In P3 this time. So are we done here? This outcome would be much more satisfying if it weren’t so freaking obvious.Continue reading “Entinostat Fails. Again.”
Three years ago, I learned of KD-019, an EGFR-inhibiting wonder TKI for which there just happened be a study enrolling, right at the mid-tier academic institution/portal to hell in which I was currently sitting. I nodded along appreciatively to phrases like better than Tykerb! while thinking, Kadmon. Kadmon. Oh, right, the one where the CEO just got out of prison.
While we’ve been worrying about nuclear war and rising global fascism, a post on KevinMD last week reminded us of a persistent and no less real danger: patients who ask for shit. The blog’s author draws a line between “patient-centered care” and “patient-dictated care”, the latter of which entails the physician sighing mightily yet rolling over at any patient request. What choice does he have, really? He’s just trying to keep the lights on in this crazy world.
The example given is antibiotic abuse, that old workhorse – just as scary and describable as it was in that 60 Minutes episode back in 1998. Can You Believe this Asshole Wants Antibiotics for a Cold?! has been kicking around at least since I was in high school, and despite its wear, it won’t die as the catchall justification for why physicians must remain the keepers of the knowledge. They are the rare, anointed ones, elevated by the combination of intellectual superiority and moral purity; they alone understand the dangers of antibiotic resistance. Continue reading “New Threat: “Patient-Dictated” Care”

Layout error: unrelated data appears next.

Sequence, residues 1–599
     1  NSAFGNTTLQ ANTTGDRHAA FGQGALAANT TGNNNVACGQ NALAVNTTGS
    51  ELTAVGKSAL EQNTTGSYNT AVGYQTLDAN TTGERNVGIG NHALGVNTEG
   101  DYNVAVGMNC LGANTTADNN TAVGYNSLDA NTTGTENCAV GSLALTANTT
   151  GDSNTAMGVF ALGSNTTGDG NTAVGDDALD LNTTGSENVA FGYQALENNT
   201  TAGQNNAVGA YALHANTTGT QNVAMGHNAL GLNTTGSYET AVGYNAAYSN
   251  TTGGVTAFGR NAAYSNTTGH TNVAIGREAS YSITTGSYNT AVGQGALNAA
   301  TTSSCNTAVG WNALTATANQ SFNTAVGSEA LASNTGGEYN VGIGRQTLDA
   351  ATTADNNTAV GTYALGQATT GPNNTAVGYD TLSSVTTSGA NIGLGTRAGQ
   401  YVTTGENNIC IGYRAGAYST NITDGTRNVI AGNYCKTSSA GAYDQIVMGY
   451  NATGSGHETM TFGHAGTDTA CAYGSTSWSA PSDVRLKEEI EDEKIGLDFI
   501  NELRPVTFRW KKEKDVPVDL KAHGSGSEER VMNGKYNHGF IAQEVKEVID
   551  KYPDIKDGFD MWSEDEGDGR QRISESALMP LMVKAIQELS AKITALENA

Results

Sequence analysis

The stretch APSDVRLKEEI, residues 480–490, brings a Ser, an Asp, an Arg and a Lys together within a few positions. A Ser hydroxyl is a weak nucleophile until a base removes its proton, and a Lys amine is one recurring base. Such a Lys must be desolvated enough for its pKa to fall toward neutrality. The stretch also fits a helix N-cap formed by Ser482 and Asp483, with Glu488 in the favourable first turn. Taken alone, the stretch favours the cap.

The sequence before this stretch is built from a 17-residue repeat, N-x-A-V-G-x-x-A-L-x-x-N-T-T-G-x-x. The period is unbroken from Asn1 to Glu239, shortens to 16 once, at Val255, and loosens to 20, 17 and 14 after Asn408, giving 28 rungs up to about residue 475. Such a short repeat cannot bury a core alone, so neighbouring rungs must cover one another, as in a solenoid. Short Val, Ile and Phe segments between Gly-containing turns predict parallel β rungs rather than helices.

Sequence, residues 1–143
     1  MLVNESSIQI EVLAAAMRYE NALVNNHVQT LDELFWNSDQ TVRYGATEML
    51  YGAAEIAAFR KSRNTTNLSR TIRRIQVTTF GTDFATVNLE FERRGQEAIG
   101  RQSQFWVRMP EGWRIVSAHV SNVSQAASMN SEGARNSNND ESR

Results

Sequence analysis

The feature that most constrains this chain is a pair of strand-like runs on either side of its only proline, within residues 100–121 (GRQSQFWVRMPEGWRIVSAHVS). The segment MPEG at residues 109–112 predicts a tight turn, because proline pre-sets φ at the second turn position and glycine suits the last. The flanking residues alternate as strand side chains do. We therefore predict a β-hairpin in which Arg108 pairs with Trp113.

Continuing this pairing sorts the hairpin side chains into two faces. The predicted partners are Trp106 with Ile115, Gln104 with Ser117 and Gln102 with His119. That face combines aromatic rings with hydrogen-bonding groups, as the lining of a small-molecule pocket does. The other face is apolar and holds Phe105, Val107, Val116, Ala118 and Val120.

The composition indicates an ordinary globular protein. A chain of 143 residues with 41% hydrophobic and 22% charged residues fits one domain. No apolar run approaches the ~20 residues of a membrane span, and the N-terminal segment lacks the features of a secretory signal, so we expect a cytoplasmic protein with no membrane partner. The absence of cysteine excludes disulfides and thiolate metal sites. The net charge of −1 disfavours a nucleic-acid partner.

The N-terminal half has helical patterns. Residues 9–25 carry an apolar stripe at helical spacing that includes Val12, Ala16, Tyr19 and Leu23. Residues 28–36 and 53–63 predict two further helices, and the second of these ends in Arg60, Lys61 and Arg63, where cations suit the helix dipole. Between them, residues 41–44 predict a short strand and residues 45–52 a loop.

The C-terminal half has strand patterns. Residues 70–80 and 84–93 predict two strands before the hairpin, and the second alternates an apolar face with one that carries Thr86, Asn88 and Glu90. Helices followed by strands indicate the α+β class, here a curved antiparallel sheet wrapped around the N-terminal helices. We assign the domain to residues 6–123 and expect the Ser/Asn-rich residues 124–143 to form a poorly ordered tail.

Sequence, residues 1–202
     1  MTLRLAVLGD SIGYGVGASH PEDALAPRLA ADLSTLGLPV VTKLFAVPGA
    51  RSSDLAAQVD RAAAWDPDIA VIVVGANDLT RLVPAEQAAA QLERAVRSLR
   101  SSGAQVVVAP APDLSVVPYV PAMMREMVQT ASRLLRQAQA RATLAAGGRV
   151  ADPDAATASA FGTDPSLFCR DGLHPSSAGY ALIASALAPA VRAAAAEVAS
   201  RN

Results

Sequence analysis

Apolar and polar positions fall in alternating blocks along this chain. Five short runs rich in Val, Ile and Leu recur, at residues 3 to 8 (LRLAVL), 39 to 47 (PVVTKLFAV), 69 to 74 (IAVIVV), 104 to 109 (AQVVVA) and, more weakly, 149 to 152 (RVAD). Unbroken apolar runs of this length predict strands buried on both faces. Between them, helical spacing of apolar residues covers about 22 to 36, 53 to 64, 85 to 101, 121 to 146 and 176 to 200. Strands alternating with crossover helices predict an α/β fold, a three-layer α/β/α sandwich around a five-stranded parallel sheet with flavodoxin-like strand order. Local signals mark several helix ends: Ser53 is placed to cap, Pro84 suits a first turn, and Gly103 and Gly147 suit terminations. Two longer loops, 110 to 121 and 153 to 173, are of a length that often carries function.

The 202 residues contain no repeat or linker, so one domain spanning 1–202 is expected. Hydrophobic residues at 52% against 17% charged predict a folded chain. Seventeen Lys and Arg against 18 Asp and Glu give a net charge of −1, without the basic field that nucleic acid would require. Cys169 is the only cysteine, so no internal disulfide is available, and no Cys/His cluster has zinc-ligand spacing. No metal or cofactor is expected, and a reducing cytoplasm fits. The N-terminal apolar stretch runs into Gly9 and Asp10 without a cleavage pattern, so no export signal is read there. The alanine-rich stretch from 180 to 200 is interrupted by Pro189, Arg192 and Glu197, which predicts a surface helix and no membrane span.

Galena continues to hobble along with NeuVax, resisting defeat even though their peptide vaccine targeting HER2-positive breast cancer has failed in patients who have HER2-positive breast cancer as well as in patients who have breast cancer that is, ahem, HER2-lite (this is not a thing). With each failed study, Galena becomes less ambitious: the company announced the presentation of a study-update abstract at San Antonio where the study in question features neither real cancer nor real endpoints.
I asked my friend @Buyersstrike yesterday if anyone took The Motley Fool seriously, and he replied that yeah, some people think it’s real. Whether anyone could take this particular example, entitled No Cure Yet for Breast Cancer, but 3 Big Advances in 2016, seriously is a separate and more concerning question (TL;DR: HOW?), but for entertainment’s sake, let’s pick it apart.
First, the title. No cure “yet”? Are we anticipating a cure? It’s just around the corner? There’s also a promise that said cure will save “millions of lives”, which, given that 40,000 people die annually from breast cancer, is a promise that will take a while to realize. But that’s just the kind of article this is, which you already knew from the happy pink-ribbon-adorned women in the accompanying photo. Continue reading ““No Cure Yet”, but lots of baseless hype”